From when I could first stand, seems like I was always excited whenever I saw a guitar. I didn't really come from a family of musical players, but there was always music playing in our apartment, family functions, and live music always at our celebrations. Dad played fast pitch softball in the Mexican Leagues, and during my boyhood summers, there were lots of trips to play in tournaments. After these tournaments, were held huge fiestas and live music was played, either Tejano, Country Western, or Bluegrass. I would camp out by the guitar player just hypnotized by those six-string beauties.
So, when I was about 8 or nine I started asking my folks for a guitar for Christmas or my birthday. I really thought there might be hope when my sister refused to take piano lessons, so thinking my folks wanted a musician in the house, I stepped up and offered to take piano lessons. My Dad and Mom both laughed, saying something like "boys don't take piano lessons!" Yeah, they were just that way, bless them. At any rate, on my 9th birthday, my sister let the secret out that I was getting a guitar. Man, was I trippin'!!!
The big day came and out came this box wrapped up ever so carefully. It wasn't that big or long, but I reckoned, it was one of those 'folk' guitars I had seen folks playing at picnics. Well, the wrapping was ripped off and lo and behold - there was my first guitar...
Well, I was underwhelmed, which totally escaped the folks. My sister felt my pain, though, and just said, "Don't be sad, you're gonna get a real one, I just know it!" My Dad proudly helped me unwrap it, and said "When you learn how to play this one, I'll get you one like mine." What? What does that mean? Well, I didn't know it, but he had a Gibson J-200 in the closet. Mom told me later he bought it after seeing Elvis play one. One of their school mates was a drummer in his band. Dad never played it as far as I remember, and I would have known, if he had. The Gibby was off-limits too, I was not to touch it, until he said I could. Well, that event gave me hope, and I set about going through the music book that came with this thing trying to learn at least a couple of these "100 Top American Classic Songs". Trouble is - I only recognized a couple of the titles, which were mostly culled from the songbooks of tunes written from 1890-1910. Now, learning tunes means you need to know chords and how to keep your guitar in tune. The book had half a page on how to tune a guitar, and chord diagrams for about 6 chords. None of this helped a whole lot though, as the guitar was virtually impossible to tune. Take a close look at the 'six strings' - there are really only 3 courses, with each one wrapping around the bridge and back up to the next tuning peg. Then, I had a revelation - I would just tune to the top strings on a regular guitar getting each course tuned in unison. Thankfully, old B & W movies were being shown over and over on our local TV station, and one of them had one of the tunes from my songbook. I learned, "She's Only a Bird In A Gilded Cage".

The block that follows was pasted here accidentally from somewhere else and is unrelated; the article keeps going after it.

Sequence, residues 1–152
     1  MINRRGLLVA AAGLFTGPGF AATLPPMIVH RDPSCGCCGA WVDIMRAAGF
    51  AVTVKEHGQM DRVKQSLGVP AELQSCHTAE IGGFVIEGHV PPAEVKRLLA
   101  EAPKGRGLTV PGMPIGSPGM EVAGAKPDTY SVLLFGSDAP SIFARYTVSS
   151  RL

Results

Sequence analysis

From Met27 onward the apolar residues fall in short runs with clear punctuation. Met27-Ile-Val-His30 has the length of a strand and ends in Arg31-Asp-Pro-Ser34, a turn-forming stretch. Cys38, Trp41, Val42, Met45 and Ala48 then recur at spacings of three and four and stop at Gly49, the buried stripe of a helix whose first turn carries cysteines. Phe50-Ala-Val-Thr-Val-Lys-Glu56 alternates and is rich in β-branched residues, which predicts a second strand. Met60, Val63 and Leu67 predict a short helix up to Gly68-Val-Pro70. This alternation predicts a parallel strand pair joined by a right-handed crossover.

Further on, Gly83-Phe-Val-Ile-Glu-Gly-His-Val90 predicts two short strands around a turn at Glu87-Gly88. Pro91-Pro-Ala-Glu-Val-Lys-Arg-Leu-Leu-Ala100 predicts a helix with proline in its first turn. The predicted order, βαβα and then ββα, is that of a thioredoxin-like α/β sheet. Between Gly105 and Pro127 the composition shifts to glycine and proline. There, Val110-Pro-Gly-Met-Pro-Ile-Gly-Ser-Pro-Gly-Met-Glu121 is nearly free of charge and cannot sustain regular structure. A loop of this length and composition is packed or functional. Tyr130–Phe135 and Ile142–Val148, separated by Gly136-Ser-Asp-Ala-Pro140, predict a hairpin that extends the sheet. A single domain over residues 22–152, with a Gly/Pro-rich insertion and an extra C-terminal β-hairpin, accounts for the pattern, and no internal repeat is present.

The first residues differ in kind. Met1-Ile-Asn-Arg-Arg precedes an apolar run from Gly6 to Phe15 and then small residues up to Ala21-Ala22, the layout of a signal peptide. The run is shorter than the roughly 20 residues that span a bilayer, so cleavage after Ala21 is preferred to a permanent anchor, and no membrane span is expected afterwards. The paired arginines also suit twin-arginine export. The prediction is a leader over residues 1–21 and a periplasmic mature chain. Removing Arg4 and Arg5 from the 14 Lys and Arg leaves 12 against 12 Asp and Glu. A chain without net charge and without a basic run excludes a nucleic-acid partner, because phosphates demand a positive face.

Well, long story not that much shorter... I finally got that real guitar, bypassing an acoustic altogether and got a Harmony 2-pickup BobKat, and SilverTone stack amplifier. Now, that's what making noise was all about - real rock and roll tools. That little setup started me on my way.
Now, I'm thinking maybe Dad had that in mind all the time. Oh, yeah, what about that Gibson J-200, I thought would become mine? Well, Mom was about 85-90 pounds light back then. She was looking for something on the top shelf of the closet, and not wanting to go get the step stool, used that guitar to boost her up. You can guess the rest.
Years later, I did find a Gibson J-200, and still have it. Don't worry, my wife knows it's not a step stool.